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Catholic Diocese of Maitland-Newcastle www.mnnews.today/aurora-magazine
So we have a new Prime Minister, again.
And once again, the change has come
about through a coup in the gover nment
par ty room, without any reference to the
Australian electorate and not because
of any profound differences within the
gover nment on policy, apparently, but
simply to benefit the par ty's prospects of
Okay, this sor t of thing is not entirely new.
But we do seem to be making a habit of it
lately. My concern is that we are spending
mor e and more time with gover nments
in power that are r ather different from
the government the people voted for.
Cer tainly, changing leader s is not the
same thing as changing a government, but
when the new leader substantially changes
the cabinet as well and the new minister s
star t announcing changes in direction
to boot, we're getting close to 'regime
change'; and changing governments is
properly the prerogative of the people.
One recent change in gover nment policy,
unrelated to the leadership change, is ver y
welcome, however. The announcement
that Australia will take 12,000 refugees
from the Syrian conflict has, I think, been
a great relief to many Austr alians . It came
in the stumbling, hesitant manner that
marks any shift in our asylum policies.
'We'll take 10,000. No, no. Hang on.
Make it 12,000. But they'll be Christians.
No, hang on, that won't do. They'll be
from any per secuted minorities.' After so
many year s of promoting the idea that
accepting refugees is a terribly dangerous
thing for the country to do, it took a
few false star ts before the government
realised that the people actually wanted
to help these poor people, actually
wanted us to do something decent.
Any way, we got there. Australia will play
at least a small par t in resolving a massive
human crisis. It is a start.
At the end of the Second World War
the countr y did r ather mor e. There were
initially more than 8 million 'displaced
per sons' in camps in Europe. Most of
them were able in time to r etur n to their
homelands, but over 3 million were left
with no place to go. Austr alia gave a ver y
significant lead at the time, when Chifley's
government agreed to resettle 100,000
displaced persons here. Austr alia then
wa s a much smaller country, of cour se ,
and, after the war, a much poorer one.
Still, we actually managed to resettle
170,000 displaced per sons between
1947 and 1952, while simultaneously
repatriating our own soldiers and
prisoners of war and accepting a large
par t of the 2 million immigrants who
flowed into the countr y by the mid-1950s.
It was a remarkable achievement for a
small nation and, just quietly, it set us up
for the great boom in prosperity that
marked the late 1950s and '60s. We can
do this stuff.
So, 12,000 refugees from Syria is a
star t. It is profoundly disappointing that
gover nment still feels the necessity to
rea ssure the electorate that nothing
has changed in regard to 'boat people'.
Not one single asylum seeker from our
detention centres on Naur u or Manus
Island will be resettled in Australia ! Why
not? They have actually come to us for
safety and refuge, but we refuse them
while we assist European gover nments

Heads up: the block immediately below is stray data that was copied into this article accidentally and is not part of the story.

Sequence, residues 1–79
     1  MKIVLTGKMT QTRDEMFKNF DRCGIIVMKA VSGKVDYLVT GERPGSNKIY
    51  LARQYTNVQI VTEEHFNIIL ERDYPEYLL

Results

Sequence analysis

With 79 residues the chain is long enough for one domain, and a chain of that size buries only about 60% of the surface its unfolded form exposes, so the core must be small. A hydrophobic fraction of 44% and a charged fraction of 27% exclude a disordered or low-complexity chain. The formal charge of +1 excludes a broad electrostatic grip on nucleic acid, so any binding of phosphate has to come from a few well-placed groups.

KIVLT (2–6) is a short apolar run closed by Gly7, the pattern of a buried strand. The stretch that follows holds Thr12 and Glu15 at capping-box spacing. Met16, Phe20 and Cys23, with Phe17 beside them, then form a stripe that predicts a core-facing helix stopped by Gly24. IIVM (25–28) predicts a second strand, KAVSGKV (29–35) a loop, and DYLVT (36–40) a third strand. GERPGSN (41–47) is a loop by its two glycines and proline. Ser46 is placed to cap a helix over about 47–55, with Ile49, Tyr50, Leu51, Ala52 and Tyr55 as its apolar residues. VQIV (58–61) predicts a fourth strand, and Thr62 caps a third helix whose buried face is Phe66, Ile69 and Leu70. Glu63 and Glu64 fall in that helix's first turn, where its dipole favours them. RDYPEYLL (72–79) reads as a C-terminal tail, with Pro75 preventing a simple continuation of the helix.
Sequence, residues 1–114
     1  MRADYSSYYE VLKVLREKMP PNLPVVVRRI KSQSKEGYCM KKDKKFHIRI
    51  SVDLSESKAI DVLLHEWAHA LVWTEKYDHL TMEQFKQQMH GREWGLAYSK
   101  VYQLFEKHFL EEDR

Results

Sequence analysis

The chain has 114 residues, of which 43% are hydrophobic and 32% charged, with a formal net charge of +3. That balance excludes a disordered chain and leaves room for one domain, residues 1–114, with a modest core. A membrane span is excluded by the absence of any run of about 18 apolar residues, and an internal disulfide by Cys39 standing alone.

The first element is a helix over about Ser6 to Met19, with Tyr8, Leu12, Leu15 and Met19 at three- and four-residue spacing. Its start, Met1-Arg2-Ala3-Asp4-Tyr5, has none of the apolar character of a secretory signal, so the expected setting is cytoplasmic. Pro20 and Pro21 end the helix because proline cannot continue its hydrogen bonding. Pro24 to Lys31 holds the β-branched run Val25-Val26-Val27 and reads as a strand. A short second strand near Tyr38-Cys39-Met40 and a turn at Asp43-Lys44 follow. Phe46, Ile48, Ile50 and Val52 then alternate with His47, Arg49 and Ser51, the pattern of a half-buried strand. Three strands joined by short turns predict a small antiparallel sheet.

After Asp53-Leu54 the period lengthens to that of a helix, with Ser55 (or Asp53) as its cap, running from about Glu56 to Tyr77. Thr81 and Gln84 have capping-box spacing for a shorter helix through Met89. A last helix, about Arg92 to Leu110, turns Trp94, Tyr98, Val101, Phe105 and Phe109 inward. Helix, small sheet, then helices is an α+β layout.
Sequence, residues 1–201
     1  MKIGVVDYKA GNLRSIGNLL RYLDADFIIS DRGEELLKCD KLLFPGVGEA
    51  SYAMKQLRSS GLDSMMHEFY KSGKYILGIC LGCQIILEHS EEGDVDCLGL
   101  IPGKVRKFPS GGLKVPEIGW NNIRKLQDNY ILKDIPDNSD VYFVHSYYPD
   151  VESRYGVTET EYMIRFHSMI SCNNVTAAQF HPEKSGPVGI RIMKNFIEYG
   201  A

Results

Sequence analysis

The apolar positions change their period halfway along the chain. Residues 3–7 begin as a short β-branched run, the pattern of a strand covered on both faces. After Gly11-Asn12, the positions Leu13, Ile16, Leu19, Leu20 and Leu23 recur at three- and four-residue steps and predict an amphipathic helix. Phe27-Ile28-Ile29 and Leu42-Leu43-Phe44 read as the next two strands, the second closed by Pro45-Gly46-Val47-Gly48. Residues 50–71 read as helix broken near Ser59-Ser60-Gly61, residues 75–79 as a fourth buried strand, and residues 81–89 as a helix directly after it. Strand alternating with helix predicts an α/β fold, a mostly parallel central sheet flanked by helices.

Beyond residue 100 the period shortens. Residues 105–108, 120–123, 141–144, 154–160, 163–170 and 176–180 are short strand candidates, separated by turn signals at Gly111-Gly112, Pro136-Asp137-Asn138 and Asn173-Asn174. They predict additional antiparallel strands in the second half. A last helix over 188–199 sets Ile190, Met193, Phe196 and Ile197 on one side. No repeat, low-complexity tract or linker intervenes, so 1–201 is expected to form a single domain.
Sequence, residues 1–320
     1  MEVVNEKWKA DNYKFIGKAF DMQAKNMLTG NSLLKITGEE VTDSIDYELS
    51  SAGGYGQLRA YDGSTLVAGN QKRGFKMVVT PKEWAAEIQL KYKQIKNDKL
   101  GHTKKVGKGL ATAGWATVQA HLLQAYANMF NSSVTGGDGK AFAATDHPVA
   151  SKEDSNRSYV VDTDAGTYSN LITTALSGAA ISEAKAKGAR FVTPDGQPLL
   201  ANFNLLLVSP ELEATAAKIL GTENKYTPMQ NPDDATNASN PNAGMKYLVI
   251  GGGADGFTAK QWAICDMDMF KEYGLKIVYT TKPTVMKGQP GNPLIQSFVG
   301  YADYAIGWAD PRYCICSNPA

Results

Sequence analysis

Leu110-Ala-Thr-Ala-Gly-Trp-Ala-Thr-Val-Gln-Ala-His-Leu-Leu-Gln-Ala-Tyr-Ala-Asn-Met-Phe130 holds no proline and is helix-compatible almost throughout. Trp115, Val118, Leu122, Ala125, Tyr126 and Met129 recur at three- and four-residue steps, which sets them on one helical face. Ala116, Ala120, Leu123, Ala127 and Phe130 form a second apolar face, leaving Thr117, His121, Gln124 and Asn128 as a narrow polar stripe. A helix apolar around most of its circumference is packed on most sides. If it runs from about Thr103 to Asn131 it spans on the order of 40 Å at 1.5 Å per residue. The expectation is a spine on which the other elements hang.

with refugees who have gone to them.
Am I missing something here? Is the
desperation required to sail across the
Mediter ranean so much greater than the
fear and despair that drives people into
boats to Australia? There ha s long been
a bizar re quality to our policy on asylum
seeker s . Our acceptance of some Syrian
refugees has not rendered it any less
bizar re or inconsistent, but simply a little
In some ways, the issues of our rotating
Prime Ministers and our policies on
refugees are related. Both reflect the
pre-eminence in our national life of slogan
and image politics. The political cycle is
shor t in Australia and the next election
is always on the horizon. Governments
are excessively responsive to polls and to
CHANGES AND CHALLENGES:
AUSTRALIAN POLITICS AND
THE WORLD CRISIS
BISHOP BILL WRIGHT
IN THE SPIRIT OF SAINT LUKE
IN THE SPIRIT OF SAINT LUKE
W ITH THANKSGIVING FOR THE MINISTRY OF HEALING AND CARE THROUGHOUT OUR
COMMUNITY, HOLY TRINITY PARISH INVITES ALL CLERGY, RELIGIOUS, PARISHIONERS,THEIR
FAMILIES & FRIENDS TO JOIN WITH MEDICAL, NURSING & ALLIED HEALTH PROFESSIONALS IN A
CELEBRATION OF THE EUCHARIST
LED BY BISHOP BILL WRIGHT
WHERE: CORPUS CHRISTI CHURCH PLATT STREET, WARATAH
WHEN: FRIDAY, 16TH OCTOBER, 2015
FOLLOWED BY REFRESHMENTS IN THE PARISH HALL
finding the next quick fix that might turn
around their popularity problems of the
day. We talk about the need for sustained
national debate on the great issues , but
we too often forestall any such hard
thinking by re-focusing the political agenda
on personalities or quick gestur es towards
the people's cur rent mood.
The Australian bishops have just released
a Social Justice Statement on asylum
seeker policy, For those who've come across
the seas... It invites us to think mor e
deeply about the issues and principles
involved in our dealing with the present
world crisis of such vast masses of people
forced into fleeing their homelands . It
invites us to think more about who we
are and what we stand for in the world. It
gets us a bit beyond slogans and gestures
as proper responses to these gr eat issues.
proper 'national debate' on a great issue? I
commend to everyone the not-so-ter ribly
arduous ta sk of reading the statement and
thinking about it.
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